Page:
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From the Son of Śiva to the God of Shaman:

The Transformations of Skanda in East Asian Buddhism

Sujung Kim

DePauw University

This paper examines the transformations of Skanda 韋駄天 (Skt. Kārtikeya)’s

image in East Asian Buddhism with a particular focus on the paintings from the late

Chosŏn period (1392-1910) in Korea. Originally a Hindu warrior deity or better known as

the son of Śiva, Skanda had been incorporated into the Chinese Buddhist pantheon at

least from the sixth century on as a deity who protects relics, sutras, monasteries, and

monks. Whereas in India Skanda was depicted as a six-headed god holding various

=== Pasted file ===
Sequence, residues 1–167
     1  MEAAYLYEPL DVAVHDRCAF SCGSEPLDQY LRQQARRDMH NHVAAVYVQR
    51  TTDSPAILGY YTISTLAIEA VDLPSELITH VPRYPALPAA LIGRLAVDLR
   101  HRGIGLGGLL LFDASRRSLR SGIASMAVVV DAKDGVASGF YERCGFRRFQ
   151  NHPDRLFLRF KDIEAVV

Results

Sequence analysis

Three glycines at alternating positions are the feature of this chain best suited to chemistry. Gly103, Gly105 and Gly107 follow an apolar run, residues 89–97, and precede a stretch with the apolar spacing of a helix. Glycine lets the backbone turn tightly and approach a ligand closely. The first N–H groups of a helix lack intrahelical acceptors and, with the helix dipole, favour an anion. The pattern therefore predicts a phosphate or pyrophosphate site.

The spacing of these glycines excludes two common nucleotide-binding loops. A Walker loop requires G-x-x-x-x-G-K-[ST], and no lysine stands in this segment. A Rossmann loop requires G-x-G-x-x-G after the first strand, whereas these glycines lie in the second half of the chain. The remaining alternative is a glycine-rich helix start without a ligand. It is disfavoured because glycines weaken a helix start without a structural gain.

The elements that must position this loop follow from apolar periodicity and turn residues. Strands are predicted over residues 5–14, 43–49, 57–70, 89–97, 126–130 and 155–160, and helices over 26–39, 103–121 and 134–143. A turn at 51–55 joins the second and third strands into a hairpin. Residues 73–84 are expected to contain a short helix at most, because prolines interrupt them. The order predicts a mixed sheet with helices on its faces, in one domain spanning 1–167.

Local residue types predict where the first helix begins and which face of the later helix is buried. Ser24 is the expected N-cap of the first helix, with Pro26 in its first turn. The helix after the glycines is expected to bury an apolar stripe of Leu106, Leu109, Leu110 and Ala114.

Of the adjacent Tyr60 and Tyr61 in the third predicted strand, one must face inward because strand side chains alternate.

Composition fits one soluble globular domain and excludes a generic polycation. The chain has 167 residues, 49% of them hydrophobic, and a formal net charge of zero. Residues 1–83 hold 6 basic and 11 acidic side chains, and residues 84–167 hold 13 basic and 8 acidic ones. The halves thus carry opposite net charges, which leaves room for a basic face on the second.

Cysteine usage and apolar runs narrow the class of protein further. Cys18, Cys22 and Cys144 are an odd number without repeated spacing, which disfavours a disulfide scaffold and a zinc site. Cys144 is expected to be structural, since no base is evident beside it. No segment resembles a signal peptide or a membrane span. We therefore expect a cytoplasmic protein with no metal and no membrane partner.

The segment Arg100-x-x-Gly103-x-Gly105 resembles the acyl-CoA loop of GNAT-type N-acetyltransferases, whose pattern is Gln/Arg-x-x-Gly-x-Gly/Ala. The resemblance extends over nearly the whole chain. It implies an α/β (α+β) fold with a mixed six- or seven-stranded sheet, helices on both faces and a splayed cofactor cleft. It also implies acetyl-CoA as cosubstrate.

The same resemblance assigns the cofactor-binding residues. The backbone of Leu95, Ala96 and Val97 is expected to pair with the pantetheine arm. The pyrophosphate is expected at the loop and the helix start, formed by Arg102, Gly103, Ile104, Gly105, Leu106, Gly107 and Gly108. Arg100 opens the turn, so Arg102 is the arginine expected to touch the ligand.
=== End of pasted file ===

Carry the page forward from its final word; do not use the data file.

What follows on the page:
weapons and riding a peacock, in China his iconography became a young man in full

armor, with the headgear of a Chinese general. During the Song period in China (960-

1279), the image of Skanda as a Chinese general traveled to Korea and Japan, where it

continued to flourish, in particular, in the Chan/Zen tradition. The deity continued his

transformation in Korea as a shamanic god, where he gained new legends and identities.

By making connections with other visual examples of Skanda from India, China,

and Japan, I will seek to explain how the Korean Buddhist tradition developed a different

pairing and arrangement of the Skanda image, and how the subtle visual changes this

involved led to the creation of new cultural meanings and local traditions. In this way, I

suggest that Skanda’s image functioned as both a convergent force linking a diversity of

religious ideas and a point of divergence into heterogeneous cultural meanings.

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